Okon gives Aussie system a chance to shine

With his selection of the current Young Socceroos squad Paul Okon appears to have drawn a line in the sand, one that may be good for Australian football.

Has Paul Okon drawn a line in the sand? If he has - as seems likely - there is some irony, welcome as it is. As a player coming towards the end of his career, shortly after the agony of another World Cup near miss - this one in Montevideo - Okon was asked on his return to Sydney airport whether he might consider winding down his days in the old NSL. The response from the-then Socceroos captain was withering.

How times have changed. In those days, Okon clearly believed playing domestic club football was a retrograde step. And that's putting it kindly. Nowadays, based on his final selection for the forthcoming FIFA World Youth Championships, Okon seems to be telling the emerging generation the complete opposite.

That's not simply an overwhelming endorsement of our new national competition, the Hyundai A-League. It's also an indication that Okon, the coach, has learned to take a more holistic view than he did as a player.

This happy confluence of events is borne out by his decision to take 15 home-based players to Turkey.

Unlike Pim Verbeek, Okon won't accept that training in Europe is better than playing in Australia. It's a bold call, and I'm hoping it's the right one.

Results from the WYC will give us a better idea, although they won't settle the argument. The message is almost more important than the outcome.

Young players need to appreciate that in terms of going overseas, timing is everything. Sitting on the bench, or playing in the reserves, has a shelf life. Go past your use-by date, and the damage can be irreversible.

Corey Gameiro seems to be taking heed. The striker who scored all of Australia's goals in the final qualifying tournament looks set to turn his back on Europe in order to play regular first team football in the Hyundai A-League next season. Gameiro got no first team football at Fulham, and struggled for game time on loan in The Netherlands, before coming back for a brief stint at Wellington Phoenix last season. Gameiro, no doubt, will be back in Europe again, but he's taken the sensible view that at this crucial stage of his development he can't afford yet another season of false hope and missed opportunity abroad. Smart move, I reckon.

These decisions, of course, are all individual ones. After I wrote a recent column about the pitfalls of chasing fame and fortune abroad, I had a long and interesting conversation with the father of a young player employed by an English club, a player who had aspirations of playing for the Young Socceroos in Turkey. He didn't get picked, but the family view seems to be that the pendulum may have swung too far in the opposite direction. Players employed by foreign clubs no longer seem to have the inside rail on national selection. Look at the Socceroos, even. For many, it's been a shock to the system.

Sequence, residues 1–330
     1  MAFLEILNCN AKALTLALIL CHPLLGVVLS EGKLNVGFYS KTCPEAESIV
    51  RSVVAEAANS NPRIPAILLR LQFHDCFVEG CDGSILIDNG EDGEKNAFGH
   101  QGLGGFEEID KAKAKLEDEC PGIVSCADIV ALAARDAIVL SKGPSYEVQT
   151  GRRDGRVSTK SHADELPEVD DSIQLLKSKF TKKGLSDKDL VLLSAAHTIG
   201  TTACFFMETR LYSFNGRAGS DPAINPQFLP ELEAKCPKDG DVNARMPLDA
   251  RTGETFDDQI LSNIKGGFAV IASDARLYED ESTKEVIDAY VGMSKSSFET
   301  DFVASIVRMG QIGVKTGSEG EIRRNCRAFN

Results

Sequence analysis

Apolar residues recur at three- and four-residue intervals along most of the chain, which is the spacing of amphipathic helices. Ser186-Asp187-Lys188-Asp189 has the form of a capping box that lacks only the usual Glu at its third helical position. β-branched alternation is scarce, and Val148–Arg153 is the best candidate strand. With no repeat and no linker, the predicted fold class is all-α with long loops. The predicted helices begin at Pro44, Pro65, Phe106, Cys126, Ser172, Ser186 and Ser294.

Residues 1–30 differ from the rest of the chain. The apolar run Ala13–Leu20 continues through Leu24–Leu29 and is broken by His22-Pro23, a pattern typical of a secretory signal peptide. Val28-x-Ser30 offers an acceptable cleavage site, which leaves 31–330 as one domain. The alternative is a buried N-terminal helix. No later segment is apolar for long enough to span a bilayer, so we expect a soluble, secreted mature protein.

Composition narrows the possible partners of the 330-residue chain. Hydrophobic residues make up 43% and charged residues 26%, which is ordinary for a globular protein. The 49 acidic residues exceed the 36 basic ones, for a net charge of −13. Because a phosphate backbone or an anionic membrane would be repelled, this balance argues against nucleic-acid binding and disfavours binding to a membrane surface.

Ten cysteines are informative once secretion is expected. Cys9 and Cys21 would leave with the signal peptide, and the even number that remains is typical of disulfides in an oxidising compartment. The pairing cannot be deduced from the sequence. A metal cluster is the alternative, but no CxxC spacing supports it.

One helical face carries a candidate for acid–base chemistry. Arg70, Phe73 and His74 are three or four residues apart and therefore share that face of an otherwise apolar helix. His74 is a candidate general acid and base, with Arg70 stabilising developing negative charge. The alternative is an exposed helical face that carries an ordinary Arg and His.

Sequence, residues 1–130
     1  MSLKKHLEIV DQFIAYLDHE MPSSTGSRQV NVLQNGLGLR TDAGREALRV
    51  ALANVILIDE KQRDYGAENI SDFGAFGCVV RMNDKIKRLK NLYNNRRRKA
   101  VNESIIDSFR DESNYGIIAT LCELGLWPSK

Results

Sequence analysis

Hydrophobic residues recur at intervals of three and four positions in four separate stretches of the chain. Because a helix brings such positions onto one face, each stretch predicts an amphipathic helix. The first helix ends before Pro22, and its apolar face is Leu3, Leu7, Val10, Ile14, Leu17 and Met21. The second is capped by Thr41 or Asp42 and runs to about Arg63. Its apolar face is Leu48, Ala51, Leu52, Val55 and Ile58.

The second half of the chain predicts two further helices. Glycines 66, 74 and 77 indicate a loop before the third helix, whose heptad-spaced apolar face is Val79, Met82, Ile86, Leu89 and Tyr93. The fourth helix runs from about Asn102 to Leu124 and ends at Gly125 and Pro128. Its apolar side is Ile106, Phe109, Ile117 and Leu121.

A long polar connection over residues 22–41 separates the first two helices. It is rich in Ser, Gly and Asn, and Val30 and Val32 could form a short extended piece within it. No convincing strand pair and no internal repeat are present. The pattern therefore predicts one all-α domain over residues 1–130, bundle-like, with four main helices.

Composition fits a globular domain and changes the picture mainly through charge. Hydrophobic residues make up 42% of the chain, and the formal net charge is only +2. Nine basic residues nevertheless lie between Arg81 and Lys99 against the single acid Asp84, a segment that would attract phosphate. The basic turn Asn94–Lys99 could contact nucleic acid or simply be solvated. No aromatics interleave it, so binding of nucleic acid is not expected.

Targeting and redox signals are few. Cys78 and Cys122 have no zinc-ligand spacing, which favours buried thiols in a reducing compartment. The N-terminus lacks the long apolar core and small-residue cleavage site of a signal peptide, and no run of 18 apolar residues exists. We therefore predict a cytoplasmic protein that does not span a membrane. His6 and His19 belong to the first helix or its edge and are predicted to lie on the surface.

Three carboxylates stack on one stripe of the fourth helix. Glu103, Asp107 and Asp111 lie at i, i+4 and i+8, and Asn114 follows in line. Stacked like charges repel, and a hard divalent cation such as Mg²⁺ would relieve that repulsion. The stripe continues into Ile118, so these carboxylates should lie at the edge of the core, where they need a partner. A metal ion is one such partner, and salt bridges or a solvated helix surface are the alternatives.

The father I spoke to takes the traditional view that players like his son are further advanced than their peers still playing in Australia because they are working with, and playing against, better players. Maybe. But if the prospect of first team football remains as elusive as ever, at what point does that player start to go backwards? Therein lies the dilemma.

It's a dilemma Okon has crystallised with his selections. Playing in a tournament like the WYC is a massive window of opportunity, and Okon has rewarded those players who have chosen to stay at home until they are sure they are ready for the next step. It's an action which speaks louder than any words, and of course there are risks attached. But it's a risk our game needs to take, sooner or later.

As I wrote recently, far too many young Australians are in danger of wasting their talents as they battle away on the fringes of European football. Indeed I fear Terry Antonis, who has recently signed a long-term deal with Parma, might have jumped too soon after a less-that-auspicious season with Sydney FC. We'll see.

Okon, perhaps the best teenager I've ever seen, knows the pitfalls better than anyone. He also knows quality when he sees it. And he's seen enough of it in the Hyundai A-League to believe these players will rise to the occasion in Turkey - a tournament which could also define his own coaching career. Bravo.